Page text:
Time-feel Overview

All the items in this portfolio are driven by a common motivation: The desire to identify, develop and deploy the expressive rhythmic mechanisms which ‘fall between the cracks’ of standard notation and terminology, here termed simply time-feel. Even in jazz, the genre perhaps most associated with such sub-notational rhythmic nuance, there is an incongruity between the expressive and stylistic importance of “this most basic fundamental element” (Crook 1991, p.10) claimed by practitioners, and the clarity, extent of, and even willingness for its illumination. On the rare occasions when jazz educators and practitioners mention such elements, they tend to do so fleetingly, inconsistently and with little attempt at objectivity, particularly in comparison to pitch, scale and harmonic structures (Mermikides 2020). In the academic field however, significant research has been undertaken, particularly in the last 30 years when digital technologies allowed the “uber-virtuosity” (Danielsen 2010) of objective audio analysis and reproduction, at and beyond the limits of human perception (see for example, Dittmar et al 2017).

The peer-reviewed academic papers in leading journals (Routledge, Soundboard Scholar), and international keynotes and presentations in this portfolio contribute to this field, with an original time-feel model which distinguishes and resynthesizes the elements of subdivision (a)symmetry (‘swing’), displacement against a negotiated time-line (‘latency’) and dynamic, timbral and note-length considerations (‘weighting’) [SMT]. This has illuminated expressive mechanisms in the playing of John Coltrane (Straight and Late), Django Reinhardt, Roland Dyens (link Monitored Freedom) and a diverse range of artists and genres (All the Feels), as well as informed pedagogical practice and materials.

Such output has been published as the Art of Timing cover feature in Guitar Techniques Magazine (Issue 275) – the first known significant engagement with time-feel in a guitar music instruction publication – which one reader called “a brilliant article […] tantamount to being an encyclopaedia on timing, feel and groove, and something perhaps we should all keep by for reference”.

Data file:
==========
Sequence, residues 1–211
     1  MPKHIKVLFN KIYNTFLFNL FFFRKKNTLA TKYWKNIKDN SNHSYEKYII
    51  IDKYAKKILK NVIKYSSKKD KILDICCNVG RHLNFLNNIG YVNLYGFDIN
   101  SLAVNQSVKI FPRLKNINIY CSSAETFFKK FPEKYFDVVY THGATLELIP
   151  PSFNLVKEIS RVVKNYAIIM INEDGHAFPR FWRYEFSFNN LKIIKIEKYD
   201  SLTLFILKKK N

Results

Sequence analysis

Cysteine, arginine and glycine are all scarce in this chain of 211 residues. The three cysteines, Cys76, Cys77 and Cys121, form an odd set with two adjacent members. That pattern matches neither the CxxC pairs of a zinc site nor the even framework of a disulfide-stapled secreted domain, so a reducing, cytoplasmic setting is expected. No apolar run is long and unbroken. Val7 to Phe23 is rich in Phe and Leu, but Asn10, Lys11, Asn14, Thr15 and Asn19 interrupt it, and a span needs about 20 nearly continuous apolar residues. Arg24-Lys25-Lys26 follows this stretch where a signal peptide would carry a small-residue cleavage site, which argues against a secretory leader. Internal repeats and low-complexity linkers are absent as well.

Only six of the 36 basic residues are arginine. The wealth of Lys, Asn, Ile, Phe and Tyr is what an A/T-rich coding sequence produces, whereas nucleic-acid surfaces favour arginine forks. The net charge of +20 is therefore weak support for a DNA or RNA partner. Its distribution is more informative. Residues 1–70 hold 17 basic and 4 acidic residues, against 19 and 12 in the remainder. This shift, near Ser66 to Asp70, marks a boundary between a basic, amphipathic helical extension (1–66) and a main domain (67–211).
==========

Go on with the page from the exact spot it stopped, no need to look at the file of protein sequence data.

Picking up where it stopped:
Such output has been published as the Art of Timing cover feature in Guitar Techniques Magazine (Issue 275) – the first known significant engagement with time-feel in a guitar music instruction publication – which one reader called “a brilliant article […] tantamount to being an encyclopaedia on timing, feel and groove, and something perhaps we should all keep by for reference”.

This research was also presented as a cover feature of Soundboard Scholar (which includes alongside analysis, detailed guides for the execution of jazz time-feel), an international touring workshop Breaking 44 for electronic musicians, an hour-long interview dedicated to the subject on the Guitar Hour Podcast, and the publication of Kronókosmos – a collection of expressive rhythmic etudes for the development of time-feel for all instruments and genres. This is presented in both standard and intuitive graphic notation, and integrates with the Mingus software, in order to diversify its users and modes of engagement.


Crook, H. (1991) How To Improvise. Rottenburg: Advance Music.

Danielsen, A. (ed.) Musical Rhythm in the Age of Digital Reproduction. Farnham: Ashgate.

Dittmar, C. et al (2017) “A Swingogram Representation for Tracking Micro-Rhythmic Variation in Jazz Performances,” Journal of New Music Research 47, no. 2: 97–113

Mermikides, M. (2020) “‘Straight and Late’: Analytical Perspectives on Coltrane’s Time-Feel,” Jazz Perspectives 12, no. 1: 147–66.

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